Greener Thumb

Joined: Sep 24 '08
Posts: 719
Location: Ventura County, CA, Sunset 23
..
I try to do what the gnome does, sift some and store it. Mix it with some dirt for seeds. I too am using what's on hand.

Most of my stuff is spilled in beds and on the lawn or mixed with dirt for planting experiments unsifted. Not too many leaves are left but bits of avocado skins, their pits and sticks laced through out though.

I like to use some still rough and lumpy stuff along the roof line so during the 3 months of rain the runoff doesn't erode the beds under the eaves.

The ceremonial peach pit just goes from bin to bin.
..


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PostPosted: Wed Jan 28, 2009 4:01 pm 
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Rot,

How long has that peach pit been hanging on?
Are there other OM that just won't break down?

Perhaps a thread here for OM that lasts over 12 months, just a thought.


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PostPosted: Wed Jan 28, 2009 5:09 pm 
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"Slow-to-Decompose Ingredients."

http://www.helpfulgardener.com/phpBB2/v ... php?t=9918

and peach pits are *definitely* slow; mine still show no signs of degradation, even after ≥2-1/2 years in the pile.

Cynthia H.
Sunset Zone 17, USDA Zone 9

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PostPosted: Wed Jan 28, 2009 5:39 pm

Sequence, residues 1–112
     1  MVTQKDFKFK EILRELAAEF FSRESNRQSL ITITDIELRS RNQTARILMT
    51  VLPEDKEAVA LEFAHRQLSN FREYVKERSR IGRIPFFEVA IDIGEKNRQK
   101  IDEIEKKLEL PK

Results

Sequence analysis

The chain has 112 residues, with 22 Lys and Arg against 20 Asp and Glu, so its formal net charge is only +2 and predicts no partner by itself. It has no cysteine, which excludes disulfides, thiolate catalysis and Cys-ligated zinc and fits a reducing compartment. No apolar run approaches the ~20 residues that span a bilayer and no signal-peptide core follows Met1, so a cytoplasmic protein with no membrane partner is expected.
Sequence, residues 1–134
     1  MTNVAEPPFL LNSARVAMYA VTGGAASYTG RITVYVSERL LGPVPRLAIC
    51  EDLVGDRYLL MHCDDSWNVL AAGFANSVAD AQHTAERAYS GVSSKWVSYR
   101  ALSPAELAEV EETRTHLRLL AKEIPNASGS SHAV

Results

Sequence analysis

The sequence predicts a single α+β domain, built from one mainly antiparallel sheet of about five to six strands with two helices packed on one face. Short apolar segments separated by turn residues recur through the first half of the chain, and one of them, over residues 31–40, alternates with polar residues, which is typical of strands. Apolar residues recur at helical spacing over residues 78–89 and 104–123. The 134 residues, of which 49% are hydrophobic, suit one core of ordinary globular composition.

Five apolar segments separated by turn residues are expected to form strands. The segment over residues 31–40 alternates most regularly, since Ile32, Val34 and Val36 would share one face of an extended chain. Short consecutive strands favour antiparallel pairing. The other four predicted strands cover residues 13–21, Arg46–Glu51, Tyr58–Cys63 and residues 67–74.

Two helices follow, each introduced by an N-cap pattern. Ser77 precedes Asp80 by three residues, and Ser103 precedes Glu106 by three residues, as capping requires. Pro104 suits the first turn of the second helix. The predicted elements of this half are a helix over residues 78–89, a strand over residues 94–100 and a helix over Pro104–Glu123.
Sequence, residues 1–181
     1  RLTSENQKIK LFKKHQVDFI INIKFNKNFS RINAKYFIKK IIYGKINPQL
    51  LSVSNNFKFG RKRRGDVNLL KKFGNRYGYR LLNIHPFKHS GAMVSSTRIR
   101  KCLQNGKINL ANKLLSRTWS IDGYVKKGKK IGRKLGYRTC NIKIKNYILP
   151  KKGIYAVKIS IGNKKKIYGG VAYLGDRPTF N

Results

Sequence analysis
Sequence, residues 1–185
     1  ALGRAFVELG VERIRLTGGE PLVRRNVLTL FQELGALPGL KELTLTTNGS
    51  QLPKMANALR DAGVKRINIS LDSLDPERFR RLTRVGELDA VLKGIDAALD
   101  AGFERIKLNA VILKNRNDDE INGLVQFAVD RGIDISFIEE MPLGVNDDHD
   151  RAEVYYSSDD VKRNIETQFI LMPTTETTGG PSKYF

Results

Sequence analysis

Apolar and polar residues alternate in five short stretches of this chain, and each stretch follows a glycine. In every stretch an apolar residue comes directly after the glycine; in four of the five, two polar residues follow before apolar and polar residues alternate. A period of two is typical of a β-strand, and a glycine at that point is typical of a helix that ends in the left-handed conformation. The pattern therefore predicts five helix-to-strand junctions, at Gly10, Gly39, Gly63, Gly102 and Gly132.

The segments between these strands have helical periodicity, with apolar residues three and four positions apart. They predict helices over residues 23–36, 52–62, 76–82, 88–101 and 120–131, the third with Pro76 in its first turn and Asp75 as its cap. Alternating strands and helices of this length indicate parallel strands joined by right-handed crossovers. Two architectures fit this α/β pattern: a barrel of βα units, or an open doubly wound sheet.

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Most of the time my peach pits sprout in the rich, moist enviroment. Maybe yours is from a pickeled peach? Those that don't sprout, do tend to stay around for a long time. My biggest trouble maker in the compost is acorns. At least half germinate and are for ever coming up in pots and beds, when the compost/leaf mold mixture gets used before the acorns/oak trees die and decompose. The hardwood twigs are also very persistant, but as one poster noted, they help keep the soil loose and only get tossed aside if over a few inches long.

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 Post subject: the pits
PostPosted: Fri Jan 30, 2009 6:11 am 
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Joined: Sep 24 '08
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Location: Ventura County, CA, Sunset 23
..
I've had the ceremonial peach pit for a couple of years now. I always find it at the bottom when I'm spilling compost somewhere on the lawn or garden.